Maui Overnight Parking
Ban Questioned

BY BUCK QUAYLE



Maui Overnight Parking


It is illegal to park on any public street on Maui between 2 a.m. and 6 a.m.

This has been the case for as long as anyone can remember. But now some people are asking why.

According to Maui Police Chief Abraham Aiona, the law was passed for the convenience of streetsweepers.

To this, Capt. Kiichi Takahama of the Lahaina police station adds that the ordinance prevents theft, removes the possibility of drunken drivers hitting parked cars, and allows more room for emergency vehicles.

At the Maui Historic Commission meeting last week, Lahaina businessman Higgins Maddigan asked if alternate side overnight parking in Lahaina was possible.

Commission member Warren Hinton said he also likes the idea of permitting overnight parking every night on alternating sides of the street.

Maddigan said streetsweepers could schedule their operations to coincide with the parking pattern, sweeping the side of the street that is clear of cars.

Both Maddigan and Hinton said that the County, at the very least, should make a greater effort to inform tourists of the overnight parking prohibition.

Sam Kaai, acting Commission chairman, said traffic problems are not within the province of the Commission, and should be brought to the attention of the County government.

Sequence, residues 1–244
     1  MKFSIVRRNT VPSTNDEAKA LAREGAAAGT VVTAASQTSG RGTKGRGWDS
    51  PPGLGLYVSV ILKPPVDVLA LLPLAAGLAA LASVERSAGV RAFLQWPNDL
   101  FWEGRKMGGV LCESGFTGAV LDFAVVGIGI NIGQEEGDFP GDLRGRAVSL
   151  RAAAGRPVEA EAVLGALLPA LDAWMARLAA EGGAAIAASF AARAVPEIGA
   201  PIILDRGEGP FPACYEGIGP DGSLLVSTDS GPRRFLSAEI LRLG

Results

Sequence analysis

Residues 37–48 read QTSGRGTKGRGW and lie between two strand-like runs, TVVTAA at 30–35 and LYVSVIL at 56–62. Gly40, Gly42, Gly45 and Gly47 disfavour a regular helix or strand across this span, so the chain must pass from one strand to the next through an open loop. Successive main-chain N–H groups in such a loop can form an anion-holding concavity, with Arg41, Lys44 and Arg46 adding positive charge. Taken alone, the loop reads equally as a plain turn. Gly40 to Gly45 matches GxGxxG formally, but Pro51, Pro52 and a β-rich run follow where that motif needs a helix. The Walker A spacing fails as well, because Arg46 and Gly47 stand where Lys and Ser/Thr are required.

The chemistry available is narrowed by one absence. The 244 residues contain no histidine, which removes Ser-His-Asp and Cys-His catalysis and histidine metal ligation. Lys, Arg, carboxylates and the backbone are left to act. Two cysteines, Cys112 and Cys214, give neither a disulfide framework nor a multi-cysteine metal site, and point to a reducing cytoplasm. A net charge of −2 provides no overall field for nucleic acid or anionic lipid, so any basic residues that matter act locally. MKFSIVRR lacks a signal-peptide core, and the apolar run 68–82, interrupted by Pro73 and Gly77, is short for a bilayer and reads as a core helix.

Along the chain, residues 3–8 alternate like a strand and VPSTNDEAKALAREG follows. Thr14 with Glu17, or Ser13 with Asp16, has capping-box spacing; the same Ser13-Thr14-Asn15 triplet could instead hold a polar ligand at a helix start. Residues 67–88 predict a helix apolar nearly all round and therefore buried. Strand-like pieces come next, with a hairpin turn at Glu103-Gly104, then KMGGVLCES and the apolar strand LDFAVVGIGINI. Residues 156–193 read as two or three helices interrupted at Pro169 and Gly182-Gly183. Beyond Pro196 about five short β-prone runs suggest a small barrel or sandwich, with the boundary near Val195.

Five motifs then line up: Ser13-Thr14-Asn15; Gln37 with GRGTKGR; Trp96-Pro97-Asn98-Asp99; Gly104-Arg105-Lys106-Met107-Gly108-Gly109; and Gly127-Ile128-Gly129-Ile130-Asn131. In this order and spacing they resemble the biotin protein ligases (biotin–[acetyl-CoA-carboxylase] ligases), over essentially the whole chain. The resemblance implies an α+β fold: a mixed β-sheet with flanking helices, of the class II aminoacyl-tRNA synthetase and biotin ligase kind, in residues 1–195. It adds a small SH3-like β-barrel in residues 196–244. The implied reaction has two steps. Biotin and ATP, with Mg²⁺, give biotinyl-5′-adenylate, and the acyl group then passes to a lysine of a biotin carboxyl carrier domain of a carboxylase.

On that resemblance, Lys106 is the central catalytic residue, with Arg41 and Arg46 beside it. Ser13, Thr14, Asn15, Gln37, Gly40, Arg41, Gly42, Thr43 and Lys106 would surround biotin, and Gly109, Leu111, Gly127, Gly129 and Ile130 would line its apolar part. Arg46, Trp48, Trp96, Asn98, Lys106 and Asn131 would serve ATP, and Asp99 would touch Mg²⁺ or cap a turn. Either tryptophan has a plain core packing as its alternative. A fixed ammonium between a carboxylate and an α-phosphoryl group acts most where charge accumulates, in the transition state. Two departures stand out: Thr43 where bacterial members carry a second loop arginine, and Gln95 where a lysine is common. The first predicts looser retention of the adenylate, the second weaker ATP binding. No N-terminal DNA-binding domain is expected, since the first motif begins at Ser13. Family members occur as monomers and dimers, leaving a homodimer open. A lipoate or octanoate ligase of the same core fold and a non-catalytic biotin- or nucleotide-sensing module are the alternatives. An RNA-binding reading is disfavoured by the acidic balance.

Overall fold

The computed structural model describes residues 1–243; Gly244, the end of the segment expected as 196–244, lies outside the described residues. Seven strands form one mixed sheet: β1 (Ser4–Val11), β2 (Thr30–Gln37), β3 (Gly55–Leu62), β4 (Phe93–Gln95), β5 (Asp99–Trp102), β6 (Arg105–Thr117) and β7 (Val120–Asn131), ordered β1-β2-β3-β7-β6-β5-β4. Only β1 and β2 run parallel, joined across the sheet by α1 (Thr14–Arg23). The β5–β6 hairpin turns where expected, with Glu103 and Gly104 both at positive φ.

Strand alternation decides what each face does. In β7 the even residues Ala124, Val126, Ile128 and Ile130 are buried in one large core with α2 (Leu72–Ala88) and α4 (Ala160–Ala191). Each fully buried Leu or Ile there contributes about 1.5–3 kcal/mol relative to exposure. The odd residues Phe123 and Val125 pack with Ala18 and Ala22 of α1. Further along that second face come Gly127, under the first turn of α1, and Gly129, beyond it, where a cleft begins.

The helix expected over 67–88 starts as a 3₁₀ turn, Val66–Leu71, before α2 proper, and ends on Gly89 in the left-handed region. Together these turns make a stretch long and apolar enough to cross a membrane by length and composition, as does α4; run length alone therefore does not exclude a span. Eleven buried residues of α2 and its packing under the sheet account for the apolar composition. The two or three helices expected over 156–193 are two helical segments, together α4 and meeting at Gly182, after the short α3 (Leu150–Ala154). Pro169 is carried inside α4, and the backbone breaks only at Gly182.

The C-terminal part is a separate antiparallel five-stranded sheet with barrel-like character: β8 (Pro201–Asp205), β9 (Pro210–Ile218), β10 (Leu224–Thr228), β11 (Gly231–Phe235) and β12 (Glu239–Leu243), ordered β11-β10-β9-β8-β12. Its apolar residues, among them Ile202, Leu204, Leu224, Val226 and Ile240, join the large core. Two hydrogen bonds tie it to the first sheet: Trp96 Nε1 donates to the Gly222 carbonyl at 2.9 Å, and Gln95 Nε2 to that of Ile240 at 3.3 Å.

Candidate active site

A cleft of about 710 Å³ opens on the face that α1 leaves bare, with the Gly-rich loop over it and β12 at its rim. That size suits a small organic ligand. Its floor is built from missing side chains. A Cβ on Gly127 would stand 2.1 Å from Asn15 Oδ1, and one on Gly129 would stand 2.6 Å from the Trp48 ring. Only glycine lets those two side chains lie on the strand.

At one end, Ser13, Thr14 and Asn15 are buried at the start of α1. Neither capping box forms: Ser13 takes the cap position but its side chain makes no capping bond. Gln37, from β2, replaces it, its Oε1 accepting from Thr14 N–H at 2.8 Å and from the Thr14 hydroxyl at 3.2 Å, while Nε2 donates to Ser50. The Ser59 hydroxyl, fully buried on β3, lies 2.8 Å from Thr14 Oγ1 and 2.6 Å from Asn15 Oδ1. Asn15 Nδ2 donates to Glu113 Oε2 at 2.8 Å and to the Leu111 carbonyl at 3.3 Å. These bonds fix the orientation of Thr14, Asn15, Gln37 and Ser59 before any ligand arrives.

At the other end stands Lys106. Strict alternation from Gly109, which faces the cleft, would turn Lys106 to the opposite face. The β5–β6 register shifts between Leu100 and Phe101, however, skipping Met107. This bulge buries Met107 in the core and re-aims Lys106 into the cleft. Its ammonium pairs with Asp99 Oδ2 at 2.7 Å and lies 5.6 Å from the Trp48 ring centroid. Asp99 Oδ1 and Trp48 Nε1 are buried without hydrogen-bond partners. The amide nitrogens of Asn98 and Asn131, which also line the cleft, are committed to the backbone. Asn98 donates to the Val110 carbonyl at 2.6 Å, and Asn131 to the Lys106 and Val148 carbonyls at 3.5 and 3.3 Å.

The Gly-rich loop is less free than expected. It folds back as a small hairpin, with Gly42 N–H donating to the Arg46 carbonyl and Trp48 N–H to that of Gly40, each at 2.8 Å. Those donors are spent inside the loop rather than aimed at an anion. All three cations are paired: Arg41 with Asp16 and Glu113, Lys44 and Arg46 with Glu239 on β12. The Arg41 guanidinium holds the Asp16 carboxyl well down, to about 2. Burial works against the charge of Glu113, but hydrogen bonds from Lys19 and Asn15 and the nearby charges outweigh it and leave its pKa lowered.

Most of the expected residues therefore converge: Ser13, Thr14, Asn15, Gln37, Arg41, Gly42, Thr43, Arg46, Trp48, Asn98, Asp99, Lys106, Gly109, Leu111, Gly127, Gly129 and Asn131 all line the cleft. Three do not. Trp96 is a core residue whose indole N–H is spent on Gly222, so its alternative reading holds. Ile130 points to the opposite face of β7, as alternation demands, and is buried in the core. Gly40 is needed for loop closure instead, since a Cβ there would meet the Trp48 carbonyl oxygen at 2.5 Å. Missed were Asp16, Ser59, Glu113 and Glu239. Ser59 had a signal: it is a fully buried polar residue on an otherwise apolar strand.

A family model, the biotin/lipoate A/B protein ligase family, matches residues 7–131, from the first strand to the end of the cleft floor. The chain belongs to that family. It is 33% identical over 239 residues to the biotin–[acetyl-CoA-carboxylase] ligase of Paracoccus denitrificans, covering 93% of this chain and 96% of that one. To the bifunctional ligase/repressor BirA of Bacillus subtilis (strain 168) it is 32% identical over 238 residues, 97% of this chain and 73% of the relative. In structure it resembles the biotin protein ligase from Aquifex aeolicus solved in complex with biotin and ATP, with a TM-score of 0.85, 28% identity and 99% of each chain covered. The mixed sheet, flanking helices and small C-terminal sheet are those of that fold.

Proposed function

The biggest problem with public parking occurs around the banyan tree-Pioneer Inn area of Lahaina.

The Pioneer Inn, with 48 rooms and insufficient off-street parking, is the temporary home of many tourists. They often aren't aware of the Maui overnight parking restriction and, consequently, pick up a good number of citations.

Takahama said he has been averaging 500 traffic citations each month. Of these, some 300 are parking citations-most of them for overnight parking, and most of them from this area.

One of the most common complaints from those cited is a lack of signs in the town. But Takahama said there are about a dozen signs in the banyan tree area warning against overnight parking. He also stresses that a question concerning this regulation appears on driver's license tests.

Persons cited normally forfeit $2 bail at the District Court, and need not appear before a judge.


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Maui Lahaina Sun

Buck Quayle at The Lahaina Sun

Buck Quayle at the Maui Lahaina Sun bureau circa 1970

Buck Quayle

Reporter/Photographer Buck Quayle in 1971 in Maui with the Cartagenian in the background

Buck Quayle, 2011


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